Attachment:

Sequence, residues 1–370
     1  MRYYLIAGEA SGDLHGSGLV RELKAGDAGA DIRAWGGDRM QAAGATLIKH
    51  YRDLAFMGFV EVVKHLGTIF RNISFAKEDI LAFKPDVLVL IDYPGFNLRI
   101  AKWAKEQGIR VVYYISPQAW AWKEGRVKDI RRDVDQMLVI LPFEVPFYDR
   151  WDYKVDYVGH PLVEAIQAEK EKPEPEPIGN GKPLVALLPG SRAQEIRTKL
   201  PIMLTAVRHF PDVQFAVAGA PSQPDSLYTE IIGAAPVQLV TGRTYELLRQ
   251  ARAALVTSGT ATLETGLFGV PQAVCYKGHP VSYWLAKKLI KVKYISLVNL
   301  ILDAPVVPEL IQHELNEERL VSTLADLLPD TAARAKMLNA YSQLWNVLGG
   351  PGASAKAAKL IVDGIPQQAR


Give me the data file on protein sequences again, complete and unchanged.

Sequence, residues 1–370
     1  MRYYLIAGEA SGDLHGSGLV RELKAGDAGA DIRAWGGDRM QAAGATLIKH
    51  YRDLAFMGFV EVVKHLGTIF RNISFAKEDI LAFKPDVLVL IDYPGFNLRI
   101  AKWAKEQGIR VVYYISPQAW AWKEGRVKDI RRDVDQMLVI LPFEVPFYDR
   151  WDYKVDYVGH PLVEAIQAEK EKPEPEPIGN GKPLVALLPG SRAQEIRTKL
   201  PIMLTAVRHF PDVQFAVAGA PSQPDSLYTE IIGAAPVQLV TGRTYELLRQ
   251  ARAALVTSGT ATLETGLFGV PQAVCYKGHP VSYWLAKKLI KVKYISLVNL
   301  ILDAPVVPEL IQHELNEERL VSTLADLLPD TAARAKMLNA YSQLWNVLGG
   351  PGASAKAAKL IVDGIPQQAR